Upon the submission of the Ministry regarding the low actual expenditures, the committee asked the Ministry to provide the details of the financial allocations and the actual expenditures made since the inception of the scheme. The actual expenditure for the scheme has been very poor.

When asked about the effectiveness of amendments made to the Apprenticeship Act, 1961, the Ministry informed about the ‘Impact Evaluation Study of National Apprenticeship Promotion Scheme (NAPS)’ conducted by the National Productivity Council (NPC). The key findings of the NPC are:

  • Higher completion rate of greater than 90% for apprenticeship training.
  • Better employability prospects, with 64% getting employment within 6 months and 74% within 12 months after passing out.
  • Practical training is valued more than theoretical training by 85% of the respondents.
  • Stronger Employability prospects compared to a non-certificate holder were felt by 68% of respondents.

The study also provided some recommendations to improve the performance of NAPS.

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On the steps taken to minimize the impact of COVID-19 on apprentices, the Ministry responded that the apprentices were provided the flexibility to join back the program which they left earlier. In addition, the training programs were extended, and the establishments were asked to provide stipends during this period. 

Status of NATS:

The Committee also reviewed the implementation of the NATS scheme. The Minimum rate of stipend for graduate apprentice (degree holder) and technical apprentice (diploma holder) is Rs. 9000 and Rs. 8000 respectively, out of which 50% is reimbursed to the industry. On the query of the committee regarding the revision of stipends, the Ministry agreed with the upward revision to Rs.18,000 for graduate apprentices and Rs.15,000 for technical apprentices per month. On whether establishments with sound financials were discouraged to seek reimbursements, the Ministry responded that it is up to the establishment whether to seek reimbursements and there is no pressure from the Ministry. 

The committee was then apprised of the recent budget announcement in 2021 about the allocation of Rs. 3000 Crores for the realignment of NATS towards post-education apprenticeship from 2021-22 to 2025-26. Around 3270 industries offered apprenticeships during the last three years and nearly 70% of these industries engaged less than 100 apprentices. The below graph depicts the region-wise contacts created under NATS from April 2016 till April 2021. 

Recommendations by the Committee:

On hearing the Ministry’s responses, the committee came up with the following recommendations to improve the performance of NAPS as well as NATS.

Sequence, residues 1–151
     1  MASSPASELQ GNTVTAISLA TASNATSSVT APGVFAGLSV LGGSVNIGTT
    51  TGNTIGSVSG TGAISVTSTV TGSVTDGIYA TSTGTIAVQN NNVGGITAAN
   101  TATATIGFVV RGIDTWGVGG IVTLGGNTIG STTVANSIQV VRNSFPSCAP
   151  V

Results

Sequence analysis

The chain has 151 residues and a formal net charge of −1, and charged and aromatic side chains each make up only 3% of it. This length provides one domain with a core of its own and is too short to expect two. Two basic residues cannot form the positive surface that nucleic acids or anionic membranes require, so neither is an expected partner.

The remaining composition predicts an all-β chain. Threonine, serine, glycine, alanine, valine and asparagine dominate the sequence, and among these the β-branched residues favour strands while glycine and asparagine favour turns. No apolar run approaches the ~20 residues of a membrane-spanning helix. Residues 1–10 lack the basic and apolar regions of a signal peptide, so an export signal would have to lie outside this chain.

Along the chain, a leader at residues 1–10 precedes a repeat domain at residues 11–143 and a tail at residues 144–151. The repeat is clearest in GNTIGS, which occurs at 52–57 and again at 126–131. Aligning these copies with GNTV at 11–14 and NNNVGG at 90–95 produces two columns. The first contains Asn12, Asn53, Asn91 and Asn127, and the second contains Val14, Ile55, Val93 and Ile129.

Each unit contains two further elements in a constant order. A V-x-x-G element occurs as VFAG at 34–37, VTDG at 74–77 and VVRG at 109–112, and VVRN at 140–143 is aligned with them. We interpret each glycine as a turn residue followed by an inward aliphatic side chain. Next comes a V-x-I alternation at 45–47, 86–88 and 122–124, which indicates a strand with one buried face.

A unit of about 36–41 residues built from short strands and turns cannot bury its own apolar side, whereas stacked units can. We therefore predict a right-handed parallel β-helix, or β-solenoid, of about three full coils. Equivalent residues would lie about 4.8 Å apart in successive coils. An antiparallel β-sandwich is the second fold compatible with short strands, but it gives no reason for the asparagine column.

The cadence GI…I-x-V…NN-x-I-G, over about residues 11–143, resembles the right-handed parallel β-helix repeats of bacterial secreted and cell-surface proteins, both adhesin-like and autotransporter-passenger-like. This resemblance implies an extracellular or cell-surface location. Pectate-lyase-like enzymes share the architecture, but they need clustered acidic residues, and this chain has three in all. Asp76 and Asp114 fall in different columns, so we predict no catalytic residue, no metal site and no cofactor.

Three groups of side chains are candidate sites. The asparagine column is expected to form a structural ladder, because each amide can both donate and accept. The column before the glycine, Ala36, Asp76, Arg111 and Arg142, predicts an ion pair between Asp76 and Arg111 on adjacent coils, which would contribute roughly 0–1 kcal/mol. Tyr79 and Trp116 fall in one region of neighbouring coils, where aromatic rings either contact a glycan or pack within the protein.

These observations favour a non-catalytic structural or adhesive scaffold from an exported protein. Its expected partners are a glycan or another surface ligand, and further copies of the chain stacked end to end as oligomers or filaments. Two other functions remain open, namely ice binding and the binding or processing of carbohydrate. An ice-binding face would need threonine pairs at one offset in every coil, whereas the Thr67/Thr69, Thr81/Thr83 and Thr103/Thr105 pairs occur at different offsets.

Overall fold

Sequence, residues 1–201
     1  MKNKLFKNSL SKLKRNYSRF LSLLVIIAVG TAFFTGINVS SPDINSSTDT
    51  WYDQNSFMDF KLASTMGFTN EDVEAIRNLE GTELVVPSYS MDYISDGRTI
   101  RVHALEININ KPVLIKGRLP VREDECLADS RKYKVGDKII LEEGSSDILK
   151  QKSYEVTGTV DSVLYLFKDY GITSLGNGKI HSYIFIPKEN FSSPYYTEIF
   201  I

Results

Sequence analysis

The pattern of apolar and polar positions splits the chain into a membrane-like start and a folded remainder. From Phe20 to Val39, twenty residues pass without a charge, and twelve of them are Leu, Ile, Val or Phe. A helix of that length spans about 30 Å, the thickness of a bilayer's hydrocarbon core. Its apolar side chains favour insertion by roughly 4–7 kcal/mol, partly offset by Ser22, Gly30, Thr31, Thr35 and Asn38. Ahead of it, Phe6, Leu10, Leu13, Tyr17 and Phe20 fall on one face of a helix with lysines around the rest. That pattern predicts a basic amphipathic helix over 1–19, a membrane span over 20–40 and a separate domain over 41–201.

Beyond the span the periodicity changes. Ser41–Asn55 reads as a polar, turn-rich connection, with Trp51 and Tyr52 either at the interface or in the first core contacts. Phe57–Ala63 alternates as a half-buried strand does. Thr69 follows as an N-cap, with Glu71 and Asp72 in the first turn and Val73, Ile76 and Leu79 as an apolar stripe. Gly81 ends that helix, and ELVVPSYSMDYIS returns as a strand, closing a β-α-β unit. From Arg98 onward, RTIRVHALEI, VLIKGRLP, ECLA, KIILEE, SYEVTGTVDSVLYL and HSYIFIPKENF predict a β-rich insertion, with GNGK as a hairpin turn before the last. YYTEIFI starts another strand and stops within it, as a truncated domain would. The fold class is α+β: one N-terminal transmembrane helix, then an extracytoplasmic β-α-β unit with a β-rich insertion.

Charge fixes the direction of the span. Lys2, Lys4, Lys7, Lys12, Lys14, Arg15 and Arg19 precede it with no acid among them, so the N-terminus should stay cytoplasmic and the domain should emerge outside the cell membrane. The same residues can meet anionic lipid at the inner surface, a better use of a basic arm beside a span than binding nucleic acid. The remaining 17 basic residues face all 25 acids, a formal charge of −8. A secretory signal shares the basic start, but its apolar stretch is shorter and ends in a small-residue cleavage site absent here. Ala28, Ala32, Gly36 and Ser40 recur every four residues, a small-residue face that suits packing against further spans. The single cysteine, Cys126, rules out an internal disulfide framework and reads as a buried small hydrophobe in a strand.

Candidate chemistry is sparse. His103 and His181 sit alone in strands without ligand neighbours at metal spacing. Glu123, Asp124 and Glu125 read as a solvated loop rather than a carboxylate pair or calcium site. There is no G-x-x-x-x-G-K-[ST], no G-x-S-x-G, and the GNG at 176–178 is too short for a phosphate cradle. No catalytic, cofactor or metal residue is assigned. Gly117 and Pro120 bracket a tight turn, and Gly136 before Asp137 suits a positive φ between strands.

• Integration of NAPS and NATS
    • Both have a similar objective, but a few fundamental differences here and there.
    • To promote uniformity in operations, the committee desired that efforts must be made to promote consistent and integrated characteristics for seamless execution. 
    • Areas for simplification in working out a unified portal for both NAPS and NATS must be identified and worked out.
  • Stipend
    • The committee is convinced that the disparities in the share of reimbursement in stipends between both the schemes are not beneficial to either of them.
    • Accordingly, the committee recommended increasing the stipends under the NATS, as well as restoring parity by enhancing the reimbursement share to a sizeable extent under NAPS.
    • Timely payment of reimbursements to MSMEs should be facilitated to encourage more recruitment.
  • Industry Interface
    • The committee took note of the low level of engagement of the industry with the apprentices. It also rejected the Ministry’s contention that a job guarantee results in laxity during the training period. 
    • Accordingly, the Committee insisted both MSDE and the Ministry of Education conduct periodic reviews of the causes behind low-level engagement by industry and act accordingly.
  • Public Awareness
    • The committee recommended that efforts must be made to put in a mechanism to spread more awareness and popularise the programmes. It also desired that public representatives be involved for effective dissemination of information which is beneficial to both industries and apprentices.
  • Miscellaneous suggestions
    • Periodic updates and expansion of trade categories for effective absorption of a greater pool of labour for skill development.
    • Both the ministries are suggested to strengthen their monitoring mechanisms for maintaining the effectiveness and output of the programs. 

Featured Image: National Apprenticeship Promotion Scheme